It is hard to put into words the extent of the tragedy that has befallen the families and friends of the 176 people who died in the recent plane crash near Tehran. Worse yet was learning the latest about the Iranian surface-to-air missile that struck the plane down. Someone – human error or not – shot the plane down (yes, I know it’s not the first one, sadly.) One can hope that many of the painful questions that multiply with each day will find answers, but then again, that will not make up for lost lives.
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I’d rather not drive on a day when the weather predictions call for heavy snowstorm. But we had already bought the tickets and it would have taken a lot to make us miss this unique performance. We left Kamloops by 6pm, aiming to arrive before 8pm when the show started. Near Armstrong, that is.
You may have guessed already that we were going to see a rendition of Tchaikovsky’s Nutcracker by the Caravan Farm Theatre (the performance director was Manon Beaudoin.) A close friend saw one of the theatre’s performances last year and was charmed. She advised us to go if we have the chance. We knew the story but past that, we had no idea what to expect other than the fact that spectators were to be in horse-drawn sleighs for part of the show.
Some people eat too much sugar and others watch too much TV. I read news and get too involved with it. It is good to stay current, no? Yes, but there is a darker side. Many of the stories are upsetting and often times there is no closure after a particularly heartbreaking one. I cover many in my columns, and then I keep on hoping that there will be some resolution, closure for victims and their families. Sadly, that is not the case. Oblivion is a horrible mistress and our faulty justice system enables it.
The first question I hear every time I walk into his room is ‘What are we going to do today?’. My answer is almost always the same, ‘we can read some, or do rhymes, but first I want you to tell me my name.’ He tries a couple of letters and eventually he guesses it right. We do a fist bump and then another. I tell him ‘you are amazing,’ and he smiles. You too, he says.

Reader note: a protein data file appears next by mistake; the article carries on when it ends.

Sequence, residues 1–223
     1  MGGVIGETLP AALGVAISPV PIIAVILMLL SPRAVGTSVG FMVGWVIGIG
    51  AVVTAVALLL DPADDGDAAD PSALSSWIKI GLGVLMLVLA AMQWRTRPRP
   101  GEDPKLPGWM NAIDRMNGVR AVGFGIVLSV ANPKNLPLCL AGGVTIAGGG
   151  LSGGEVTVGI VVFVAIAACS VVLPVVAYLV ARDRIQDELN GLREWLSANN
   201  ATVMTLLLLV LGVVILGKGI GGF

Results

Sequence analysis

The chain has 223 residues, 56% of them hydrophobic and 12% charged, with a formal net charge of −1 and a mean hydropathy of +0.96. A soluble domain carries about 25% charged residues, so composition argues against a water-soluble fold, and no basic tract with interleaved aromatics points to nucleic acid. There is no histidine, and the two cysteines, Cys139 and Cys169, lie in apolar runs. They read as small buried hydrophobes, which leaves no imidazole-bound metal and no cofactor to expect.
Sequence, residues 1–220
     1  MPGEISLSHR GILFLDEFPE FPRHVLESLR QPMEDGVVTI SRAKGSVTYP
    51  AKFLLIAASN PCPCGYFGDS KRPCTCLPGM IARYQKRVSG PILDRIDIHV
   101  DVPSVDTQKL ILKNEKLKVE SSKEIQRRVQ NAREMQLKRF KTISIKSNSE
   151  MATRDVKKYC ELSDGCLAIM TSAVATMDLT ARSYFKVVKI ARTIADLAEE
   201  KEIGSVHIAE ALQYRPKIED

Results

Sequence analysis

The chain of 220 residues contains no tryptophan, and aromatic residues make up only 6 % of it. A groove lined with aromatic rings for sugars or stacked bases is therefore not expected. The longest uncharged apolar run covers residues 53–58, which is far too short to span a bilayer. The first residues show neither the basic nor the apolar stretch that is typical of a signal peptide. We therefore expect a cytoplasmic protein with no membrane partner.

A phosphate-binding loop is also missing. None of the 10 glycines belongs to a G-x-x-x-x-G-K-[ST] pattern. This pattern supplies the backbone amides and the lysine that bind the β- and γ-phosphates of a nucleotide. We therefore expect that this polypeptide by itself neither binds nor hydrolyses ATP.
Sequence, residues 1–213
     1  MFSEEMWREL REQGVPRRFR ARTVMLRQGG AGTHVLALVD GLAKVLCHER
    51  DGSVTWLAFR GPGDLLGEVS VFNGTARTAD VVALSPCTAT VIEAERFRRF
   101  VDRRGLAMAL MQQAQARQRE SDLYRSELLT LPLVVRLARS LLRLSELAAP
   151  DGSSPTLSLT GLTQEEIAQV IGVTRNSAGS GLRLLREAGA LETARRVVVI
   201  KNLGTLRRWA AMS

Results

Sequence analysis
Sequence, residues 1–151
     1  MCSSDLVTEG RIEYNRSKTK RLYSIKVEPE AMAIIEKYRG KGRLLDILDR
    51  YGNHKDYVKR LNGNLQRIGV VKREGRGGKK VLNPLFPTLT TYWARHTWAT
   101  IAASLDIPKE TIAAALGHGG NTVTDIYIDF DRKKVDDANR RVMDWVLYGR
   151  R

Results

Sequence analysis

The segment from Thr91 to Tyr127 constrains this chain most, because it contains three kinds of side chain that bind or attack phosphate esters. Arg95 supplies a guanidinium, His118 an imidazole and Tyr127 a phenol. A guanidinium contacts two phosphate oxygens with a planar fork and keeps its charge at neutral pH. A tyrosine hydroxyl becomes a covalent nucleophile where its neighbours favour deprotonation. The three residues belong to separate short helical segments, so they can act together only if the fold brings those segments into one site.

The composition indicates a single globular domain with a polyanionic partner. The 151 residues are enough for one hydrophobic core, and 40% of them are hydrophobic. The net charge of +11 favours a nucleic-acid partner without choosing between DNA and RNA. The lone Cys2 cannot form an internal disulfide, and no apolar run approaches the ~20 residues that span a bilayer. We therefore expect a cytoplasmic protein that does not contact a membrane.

I first met Jessie last year on November 24th. I did not know what to expect. I had been following the story since it happened, back in June of 2016.
Many are welcoming the proposed new measures on vaping products. Others are resenting the tax hike (money grab, they say) and the reduced nicotine content might just drive them back to smoking, they argue. Let’s hope not.
Either way, it will be interesting to see if young people will vape less, or at all. Many still do, and age makes no difference. Nor does the location, as some kids vape right inside schools.
Originally published as a column on CFJC Today Kamloops on Tuesday November 12, 2019.
It was loud. And it was crowded, way more people than last year. For once, I got there early enough to stand in line, get tickets and go inside with time to spare. Once in, I looked around and everything felt familiar.
I am not a hockey person by any means, though by now I know how a game runs and what this or that means. I did not grow up with it, and when the time came for my boys to choose the sports they liked to try, hockey did not make the cut. No matter.
I remember the first snowfall with our dog. Not because my memory is exquisite and able to retain every detail of my time with the pup, but because this one thing stood out: I could see what her nose was smelling. The many sudden yanks of the leash I had experienced while walking together (and been at times frustrated with) suddenly made sense. The world that I could not see until then had been revealed by that white cover (it sounds a bit backwards and ironic but it is not at all.)
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